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If you think that the Grand Cherokee SRT with its 475-horsepower, 6.4-liter Hemi V-8 is bonkers in all the right ways, then the 2018 Jeep Grand Cherokee Trackhawk will have you in stitches. It stretches the concept of a performance SUV to its absolute maximum!
The name Trackhawk might sound familiar – Jeep released an off-road-oriented version of the Grand Cherokee in earlier years called the Trailhawk. That one was designed to go further off-road than any other Grand Cherokee before it. This one is designed to go faster on the road (or the track).
The front of the Trackhawk features Jeep's signature seven-slot grille and has extensive modifications to feed air to the thirsty engine and cooling systems, such as removing the foglights to optimize airflow. On the sculpted hood are dual heat extractors that both look cool and aid with cooling.
Other unique styling touches beyond the hood include side sill cladding, body-colored wheel flares and a gloss-black rear valence that houses the black chrome exhaust tips.
Twenty-inch wheels are standard, with a satin chrome center cap; optional low-gloss black alloy wheels are 12 pounds lighter. The Trackhawk also gets all-new rubber: Pirelli 295/45ZR20 Scorpion Verde tires are standard, with Pirelli P Zero three-season tires (with an increased speed rating to match) also available.
The cabin is accented in carbon fiber and metal, while the seats are wrapped in standard Nappa leather and suede. Also available is a Signature Leather Interior Package, seen in these photos, with an embossed "Trackhawk" logo on the front seats.
The Trackhawk's in-cabin technology is geared toward performance as well. The instrument panel has a center mounted tachometer, flanked by the speedometer on the left, which reaches all the way up to 200 mph.
In the center console is an 8.4-inch touchscreen that has been customized to add Trackhawk-exclusive Performance Pages, which can display information like real-time engine output, four-wheel-drive configuration, a gear reader and various track timers (zero-to-60 mph, zero-to-100 mph and braking distance). The pages also allow the driver to activate launch control and setup custom drive modes.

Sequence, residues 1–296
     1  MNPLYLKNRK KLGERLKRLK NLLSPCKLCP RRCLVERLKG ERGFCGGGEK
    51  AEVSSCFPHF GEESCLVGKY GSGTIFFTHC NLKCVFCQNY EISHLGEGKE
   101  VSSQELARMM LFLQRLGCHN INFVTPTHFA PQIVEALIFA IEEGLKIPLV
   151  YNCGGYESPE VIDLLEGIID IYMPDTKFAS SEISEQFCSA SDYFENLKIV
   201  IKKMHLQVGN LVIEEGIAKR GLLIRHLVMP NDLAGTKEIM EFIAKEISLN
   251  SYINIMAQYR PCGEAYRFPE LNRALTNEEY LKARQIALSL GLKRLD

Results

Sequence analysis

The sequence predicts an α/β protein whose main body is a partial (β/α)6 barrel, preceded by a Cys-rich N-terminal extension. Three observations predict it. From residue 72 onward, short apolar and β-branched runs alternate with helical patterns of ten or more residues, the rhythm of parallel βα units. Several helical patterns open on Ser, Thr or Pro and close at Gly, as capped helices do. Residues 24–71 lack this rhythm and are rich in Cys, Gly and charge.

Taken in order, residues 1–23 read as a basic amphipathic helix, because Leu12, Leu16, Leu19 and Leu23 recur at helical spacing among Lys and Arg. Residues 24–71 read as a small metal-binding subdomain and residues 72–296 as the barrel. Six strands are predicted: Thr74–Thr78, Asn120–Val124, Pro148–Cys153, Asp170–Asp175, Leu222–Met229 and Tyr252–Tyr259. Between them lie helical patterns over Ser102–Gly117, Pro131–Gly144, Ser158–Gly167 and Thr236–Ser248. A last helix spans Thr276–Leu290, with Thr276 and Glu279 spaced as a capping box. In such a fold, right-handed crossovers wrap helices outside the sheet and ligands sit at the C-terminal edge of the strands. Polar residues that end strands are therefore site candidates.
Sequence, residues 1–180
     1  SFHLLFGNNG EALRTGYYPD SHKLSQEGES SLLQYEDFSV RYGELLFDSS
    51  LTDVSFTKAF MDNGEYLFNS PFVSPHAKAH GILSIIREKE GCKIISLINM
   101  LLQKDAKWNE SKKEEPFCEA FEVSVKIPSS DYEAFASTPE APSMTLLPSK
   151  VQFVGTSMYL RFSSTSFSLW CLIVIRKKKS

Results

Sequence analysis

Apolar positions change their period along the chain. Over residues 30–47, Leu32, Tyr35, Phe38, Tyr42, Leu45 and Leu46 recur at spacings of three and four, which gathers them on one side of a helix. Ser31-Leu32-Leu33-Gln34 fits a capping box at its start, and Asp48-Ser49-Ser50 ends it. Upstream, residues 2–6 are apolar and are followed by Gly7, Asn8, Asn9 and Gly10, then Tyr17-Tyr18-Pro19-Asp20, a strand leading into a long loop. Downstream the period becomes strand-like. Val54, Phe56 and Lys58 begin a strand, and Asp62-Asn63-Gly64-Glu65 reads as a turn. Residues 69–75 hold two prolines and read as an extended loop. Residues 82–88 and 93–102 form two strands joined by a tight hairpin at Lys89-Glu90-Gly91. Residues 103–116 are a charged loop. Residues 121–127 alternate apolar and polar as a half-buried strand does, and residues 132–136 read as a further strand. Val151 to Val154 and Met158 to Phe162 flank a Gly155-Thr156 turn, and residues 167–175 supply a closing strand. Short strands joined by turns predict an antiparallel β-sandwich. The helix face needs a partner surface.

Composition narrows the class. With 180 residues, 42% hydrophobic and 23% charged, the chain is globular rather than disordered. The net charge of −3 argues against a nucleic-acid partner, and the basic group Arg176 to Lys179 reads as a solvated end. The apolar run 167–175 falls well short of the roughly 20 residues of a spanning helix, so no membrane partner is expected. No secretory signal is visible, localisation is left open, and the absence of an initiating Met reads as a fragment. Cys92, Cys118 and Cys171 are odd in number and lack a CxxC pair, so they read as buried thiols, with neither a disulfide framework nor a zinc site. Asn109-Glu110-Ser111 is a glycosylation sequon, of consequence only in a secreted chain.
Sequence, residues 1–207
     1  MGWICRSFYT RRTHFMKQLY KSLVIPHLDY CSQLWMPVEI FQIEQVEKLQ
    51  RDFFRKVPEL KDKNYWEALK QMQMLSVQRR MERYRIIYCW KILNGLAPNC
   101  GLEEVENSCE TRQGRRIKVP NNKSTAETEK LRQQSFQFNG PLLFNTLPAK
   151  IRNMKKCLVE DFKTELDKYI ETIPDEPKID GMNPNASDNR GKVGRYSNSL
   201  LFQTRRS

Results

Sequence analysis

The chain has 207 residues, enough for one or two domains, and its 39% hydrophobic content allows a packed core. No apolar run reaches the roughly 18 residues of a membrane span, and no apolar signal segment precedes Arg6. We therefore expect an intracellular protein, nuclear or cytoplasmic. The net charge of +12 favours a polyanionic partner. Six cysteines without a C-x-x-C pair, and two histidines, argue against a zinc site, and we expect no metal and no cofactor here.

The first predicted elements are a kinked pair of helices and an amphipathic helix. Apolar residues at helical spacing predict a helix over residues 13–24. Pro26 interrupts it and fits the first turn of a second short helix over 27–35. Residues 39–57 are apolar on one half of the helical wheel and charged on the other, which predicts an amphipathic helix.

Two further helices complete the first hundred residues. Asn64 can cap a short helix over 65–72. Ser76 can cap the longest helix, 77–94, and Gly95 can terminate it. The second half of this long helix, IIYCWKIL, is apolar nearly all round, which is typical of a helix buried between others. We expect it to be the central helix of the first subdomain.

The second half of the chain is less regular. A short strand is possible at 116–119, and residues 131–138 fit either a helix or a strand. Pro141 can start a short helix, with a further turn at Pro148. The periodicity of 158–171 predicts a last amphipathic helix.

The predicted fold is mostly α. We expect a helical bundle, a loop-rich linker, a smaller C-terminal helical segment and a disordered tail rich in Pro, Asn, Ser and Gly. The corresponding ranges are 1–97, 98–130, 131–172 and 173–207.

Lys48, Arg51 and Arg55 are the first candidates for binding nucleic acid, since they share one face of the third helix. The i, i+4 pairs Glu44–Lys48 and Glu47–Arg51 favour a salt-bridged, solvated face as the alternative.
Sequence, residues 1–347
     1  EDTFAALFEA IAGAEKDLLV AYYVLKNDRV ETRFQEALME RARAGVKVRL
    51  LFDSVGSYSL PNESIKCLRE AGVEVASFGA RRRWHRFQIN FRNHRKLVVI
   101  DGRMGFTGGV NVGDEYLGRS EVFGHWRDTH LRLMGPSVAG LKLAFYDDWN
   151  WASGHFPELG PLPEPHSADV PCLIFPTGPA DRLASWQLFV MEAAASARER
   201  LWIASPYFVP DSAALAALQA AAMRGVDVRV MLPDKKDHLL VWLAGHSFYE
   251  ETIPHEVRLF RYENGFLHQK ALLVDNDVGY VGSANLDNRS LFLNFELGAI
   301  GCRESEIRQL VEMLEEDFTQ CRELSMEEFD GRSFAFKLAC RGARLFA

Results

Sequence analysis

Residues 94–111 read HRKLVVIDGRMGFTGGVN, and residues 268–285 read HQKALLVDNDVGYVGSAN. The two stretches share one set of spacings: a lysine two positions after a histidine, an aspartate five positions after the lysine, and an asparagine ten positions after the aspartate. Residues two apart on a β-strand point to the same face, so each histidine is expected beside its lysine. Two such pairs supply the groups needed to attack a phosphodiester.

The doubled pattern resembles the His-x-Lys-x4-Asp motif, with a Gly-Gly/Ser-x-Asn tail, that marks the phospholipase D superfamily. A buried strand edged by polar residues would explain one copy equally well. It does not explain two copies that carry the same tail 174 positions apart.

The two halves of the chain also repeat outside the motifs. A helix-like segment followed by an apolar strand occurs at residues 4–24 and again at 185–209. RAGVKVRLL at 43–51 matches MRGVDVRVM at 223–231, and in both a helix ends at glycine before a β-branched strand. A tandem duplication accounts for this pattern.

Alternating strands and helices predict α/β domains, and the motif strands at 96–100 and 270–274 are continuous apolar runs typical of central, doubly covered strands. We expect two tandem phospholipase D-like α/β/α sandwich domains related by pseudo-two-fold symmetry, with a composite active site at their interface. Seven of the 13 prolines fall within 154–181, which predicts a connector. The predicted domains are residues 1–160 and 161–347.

Under the Hood
The Trackhawk features the same engine found in the Dodge Challenger and Charger SRT Hellcats, a 707-hp, supercharged 6.2-liter V-8 that makes 645 pounds-feet of torque. The supercharger provides up to 11.6 psi of boost and spins at a maximum speed of 14,600 rpm. An eight-speed automatic transmission with paddle shifters is standard, as is 4WD. The 4WD system features a single-speed active transfer case and an electronic limited-slip rear differential, along with a stronger rear axle to handle all that power.
The numbers from Jeep are jaw-dropping: zero-to-60 mph in 3.5 seconds, quarter-mile sprint in 11.6 seconds and a top speed of 180 mph. Then you remember that this is also a 5,000-plus-pound mid-size SUV, and all of those college physics courses make even less sense. To help hit these numbers, launch control is standard, along with a Torque Reserve system that provides a quicker initial response to boost acceleration even more.
There are five selectable drive modes, each offering unique transmission, 4WD torque split, steering and adaptive shock absorber settings: Auto, Sport, Track, Tow and Snow.
The list of standard safety technology is long, with adaptive cruise control, blind spot monitoring with rear cross-path detection, autonomous forward emergency braking at all speeds, front and rear parking sensors, and a trailer hitch camera view, which lets the driver check on a trailer through the backup camera while traveling at speed.
There is also a (necessary) Valet mode, which locks out first gear and significantly reduces power and torque. It won't allow manual shifting through the shifter or the paddle shifters, and it disables launch control while leaving the stability control in "Full-on" mode. This mode can be turned on and off using a four-digit PIN.
~ Cars Editorial Team